> -rw-r--r-- 1 root root 16 2006-10-28 21:14 bcm43xx_initval02.fw

> -rw-r--r-- 1 root root 3504 2006-10-28 21:14 bcm43xx_initval03.fw

> -rw-r--r-- 1 root root 16 2006-10-28 21:14 bcm43xx_initval04.fw

> -rw-r--r-- 1 root root 2536 2006-10-28 21:14 bcm43xx_initval05.fw

> -rw-r--r-- 1 root root 248 2006-10-28 21:14 bcm43xx_initval06.fw

> -rw-r--r-- 1 root root 2536 2006-10-28 21:14 bcm43xx_initval07.fw

> -rw-r--r-- 1 root root 2536 2006-10-28 21:14 bcm43xx_initval08.fw

> -rw-r--r-- 1 root root 248 2006-10-28 21:14 bcm43xx_initval09.fw

> -rw-r--r-- 1 root root 248 2006-10-28 21:14 bcm43xx_initval10.fw

> -rw-r--r-- 1 root root 2872 2007-10-18 20:43 bcm43xx_initval17.fw

> -rw-r--r-- 1 root root 248 2007-10-18 20:43 bcm43xx_initval18.fw

> -rw-r--r-- 1 root root 248 2007-10-18 20:43 bcm43xx_initval19.fw

> -rw-r--r-- 1 root root 2816 2007-10-18 20:43 bcm43xx_initval20.fw

> -rw-r--r-- 1 root root 248 2007-10-18 20:43 bcm43xx_initval21.fw

> -rw-r--r-- 1 root root 2824 2007-10-18 20:43 bcm43xx_initval22.fw

> -rw-r--r-- 1 root root 248 2007-10-18 20:43 bcm43xx_initval23.fw

> -rw-r--r-- 1 root root 2824 2007-10-18 20:43 bcm43xx_initval24.fw

> -rw-r--r-- 1 root root 248 2007-10-18 20:43 bcm43xx_initval25.fw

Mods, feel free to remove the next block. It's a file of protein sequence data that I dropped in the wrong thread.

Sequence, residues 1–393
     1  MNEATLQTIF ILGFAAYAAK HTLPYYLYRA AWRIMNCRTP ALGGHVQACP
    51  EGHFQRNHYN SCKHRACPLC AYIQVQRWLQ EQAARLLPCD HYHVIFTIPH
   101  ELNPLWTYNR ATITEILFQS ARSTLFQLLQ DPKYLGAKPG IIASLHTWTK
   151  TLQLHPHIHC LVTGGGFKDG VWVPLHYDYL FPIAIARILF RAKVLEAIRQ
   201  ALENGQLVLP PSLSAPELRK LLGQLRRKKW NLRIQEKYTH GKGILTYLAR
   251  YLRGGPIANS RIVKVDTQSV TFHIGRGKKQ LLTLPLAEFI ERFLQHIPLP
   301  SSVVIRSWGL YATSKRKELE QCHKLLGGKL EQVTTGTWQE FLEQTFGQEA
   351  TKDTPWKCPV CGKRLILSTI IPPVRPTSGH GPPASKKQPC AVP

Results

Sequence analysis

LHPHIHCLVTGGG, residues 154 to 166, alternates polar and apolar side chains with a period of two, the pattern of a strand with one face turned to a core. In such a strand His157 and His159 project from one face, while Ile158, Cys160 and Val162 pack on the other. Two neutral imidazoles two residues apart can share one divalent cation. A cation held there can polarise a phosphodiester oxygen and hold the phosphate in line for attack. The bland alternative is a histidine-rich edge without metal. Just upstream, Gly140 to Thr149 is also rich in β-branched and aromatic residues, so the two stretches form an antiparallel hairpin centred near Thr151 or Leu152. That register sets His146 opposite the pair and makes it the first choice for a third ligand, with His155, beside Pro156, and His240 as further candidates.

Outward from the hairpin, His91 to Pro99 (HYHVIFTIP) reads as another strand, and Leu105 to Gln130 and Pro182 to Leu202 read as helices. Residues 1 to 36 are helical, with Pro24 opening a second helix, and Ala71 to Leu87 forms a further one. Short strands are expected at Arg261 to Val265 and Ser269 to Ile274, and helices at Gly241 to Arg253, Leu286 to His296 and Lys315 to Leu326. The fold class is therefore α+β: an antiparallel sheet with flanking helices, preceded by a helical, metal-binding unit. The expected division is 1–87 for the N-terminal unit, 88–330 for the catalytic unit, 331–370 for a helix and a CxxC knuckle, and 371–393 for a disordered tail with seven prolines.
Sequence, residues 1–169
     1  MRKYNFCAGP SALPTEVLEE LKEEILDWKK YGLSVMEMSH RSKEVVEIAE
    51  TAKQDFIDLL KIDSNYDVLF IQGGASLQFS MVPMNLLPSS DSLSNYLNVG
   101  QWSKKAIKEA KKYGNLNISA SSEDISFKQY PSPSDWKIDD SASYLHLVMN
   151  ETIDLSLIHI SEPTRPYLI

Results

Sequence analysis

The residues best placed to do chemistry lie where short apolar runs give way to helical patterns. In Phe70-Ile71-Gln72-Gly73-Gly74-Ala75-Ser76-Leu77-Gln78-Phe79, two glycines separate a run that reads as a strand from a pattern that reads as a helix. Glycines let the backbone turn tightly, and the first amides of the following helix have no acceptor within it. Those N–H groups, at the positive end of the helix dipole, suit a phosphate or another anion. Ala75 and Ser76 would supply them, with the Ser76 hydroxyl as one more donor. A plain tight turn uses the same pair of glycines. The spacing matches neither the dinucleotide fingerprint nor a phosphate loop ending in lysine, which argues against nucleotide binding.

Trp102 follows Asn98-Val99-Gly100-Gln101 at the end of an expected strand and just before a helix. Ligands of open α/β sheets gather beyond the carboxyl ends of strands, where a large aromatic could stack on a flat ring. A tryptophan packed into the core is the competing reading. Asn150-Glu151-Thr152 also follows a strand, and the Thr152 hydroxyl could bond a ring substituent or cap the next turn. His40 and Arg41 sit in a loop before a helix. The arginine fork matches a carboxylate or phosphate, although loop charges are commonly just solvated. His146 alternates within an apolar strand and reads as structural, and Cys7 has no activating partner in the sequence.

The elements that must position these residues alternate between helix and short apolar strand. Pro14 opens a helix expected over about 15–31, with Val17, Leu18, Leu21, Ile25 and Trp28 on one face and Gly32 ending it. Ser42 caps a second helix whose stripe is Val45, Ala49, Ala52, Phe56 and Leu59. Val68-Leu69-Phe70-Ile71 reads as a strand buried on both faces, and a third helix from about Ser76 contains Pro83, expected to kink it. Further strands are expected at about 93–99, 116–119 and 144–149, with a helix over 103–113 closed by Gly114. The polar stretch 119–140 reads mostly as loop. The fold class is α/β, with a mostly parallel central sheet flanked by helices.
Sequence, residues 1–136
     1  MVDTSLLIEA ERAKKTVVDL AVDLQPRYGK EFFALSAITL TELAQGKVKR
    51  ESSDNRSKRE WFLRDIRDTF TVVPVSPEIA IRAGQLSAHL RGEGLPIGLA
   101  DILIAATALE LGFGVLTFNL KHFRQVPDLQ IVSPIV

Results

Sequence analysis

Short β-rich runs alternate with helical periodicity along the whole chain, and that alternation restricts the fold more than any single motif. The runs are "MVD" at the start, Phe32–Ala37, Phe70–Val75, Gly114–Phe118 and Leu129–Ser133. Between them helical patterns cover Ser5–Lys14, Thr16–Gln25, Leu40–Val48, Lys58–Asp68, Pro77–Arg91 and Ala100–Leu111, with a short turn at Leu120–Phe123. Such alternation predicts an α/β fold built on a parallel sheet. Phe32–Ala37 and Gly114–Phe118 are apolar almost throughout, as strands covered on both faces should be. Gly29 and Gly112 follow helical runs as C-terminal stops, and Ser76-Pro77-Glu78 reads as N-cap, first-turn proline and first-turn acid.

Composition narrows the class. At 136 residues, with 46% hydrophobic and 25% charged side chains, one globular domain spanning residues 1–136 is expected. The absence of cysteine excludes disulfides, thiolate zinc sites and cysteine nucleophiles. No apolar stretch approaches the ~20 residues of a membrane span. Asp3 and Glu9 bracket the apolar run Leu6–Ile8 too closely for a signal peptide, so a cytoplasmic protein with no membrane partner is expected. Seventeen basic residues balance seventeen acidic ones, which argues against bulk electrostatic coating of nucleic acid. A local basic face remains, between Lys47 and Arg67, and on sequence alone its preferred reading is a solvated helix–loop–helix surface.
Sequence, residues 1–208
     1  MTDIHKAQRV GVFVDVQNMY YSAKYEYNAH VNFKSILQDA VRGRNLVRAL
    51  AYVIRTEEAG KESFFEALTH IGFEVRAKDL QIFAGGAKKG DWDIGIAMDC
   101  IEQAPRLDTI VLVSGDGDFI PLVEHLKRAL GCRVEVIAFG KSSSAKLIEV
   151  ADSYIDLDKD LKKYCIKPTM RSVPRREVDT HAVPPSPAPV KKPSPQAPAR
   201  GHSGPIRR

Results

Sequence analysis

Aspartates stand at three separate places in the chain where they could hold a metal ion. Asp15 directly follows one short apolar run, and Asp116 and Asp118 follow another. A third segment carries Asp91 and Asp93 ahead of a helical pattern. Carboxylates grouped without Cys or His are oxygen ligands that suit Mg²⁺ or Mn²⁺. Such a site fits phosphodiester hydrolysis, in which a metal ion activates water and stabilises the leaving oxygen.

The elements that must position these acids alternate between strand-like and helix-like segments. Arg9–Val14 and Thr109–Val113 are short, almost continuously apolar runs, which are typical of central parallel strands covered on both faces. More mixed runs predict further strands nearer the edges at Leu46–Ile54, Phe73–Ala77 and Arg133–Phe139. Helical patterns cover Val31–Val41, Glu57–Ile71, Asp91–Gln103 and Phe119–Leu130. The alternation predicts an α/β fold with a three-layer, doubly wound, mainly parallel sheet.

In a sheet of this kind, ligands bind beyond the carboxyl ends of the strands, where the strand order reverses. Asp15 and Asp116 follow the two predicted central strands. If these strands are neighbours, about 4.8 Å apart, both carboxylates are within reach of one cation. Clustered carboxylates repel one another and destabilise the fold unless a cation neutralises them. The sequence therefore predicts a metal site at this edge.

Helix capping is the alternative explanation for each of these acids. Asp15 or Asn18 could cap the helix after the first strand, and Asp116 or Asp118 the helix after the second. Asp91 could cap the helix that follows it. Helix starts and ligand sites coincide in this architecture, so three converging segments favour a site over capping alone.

> -rw-r--r-- 1 root root 27360 2007-10-18 20:43 bcm43xx_microcode11.fw

> -rw-r--r-- 1 root root 26432 2007-10-18 20:43 bcm43xx_microcode13.fw

> -rw-r--r-- 1 root root 16200 2006-10-28 21:14 bcm43xx_microcode2.fw

> -rw-r--r-- 1 root root 19952 2006-10-28 21:14 bcm43xx_microcode4.fw

> -rw-r--r-- 1 root root 22496 2006-10-28 21:14 bcm43xx_microcode5.fw

> -rw-r--r-- 1 root root 1312 2006-10-28 21:14 bcm43xx_pcm4.fw

> -rw-r--r-- 1 root root 1312 2006-10-28 21:14 bcm43xx_pcm5.fw


Great. So I had the hacked firmware, but it's in the wrong directory. Now I simply copied it into the correct one. So:


> sudo mkdir /lib/hotplug/firmware


> sudo cp /lib/firmware/*.fw /lib/hotplug/firmware


That's it! Now I rebooted my computer.

Note: You may notice that the wireless is still detected but will not connect. You may need to manually remove then add the bcm43xx module to modprobe for it to connect. To do this:


> sudo rmmod bcm43xx


> sudo modprobe bcm43xx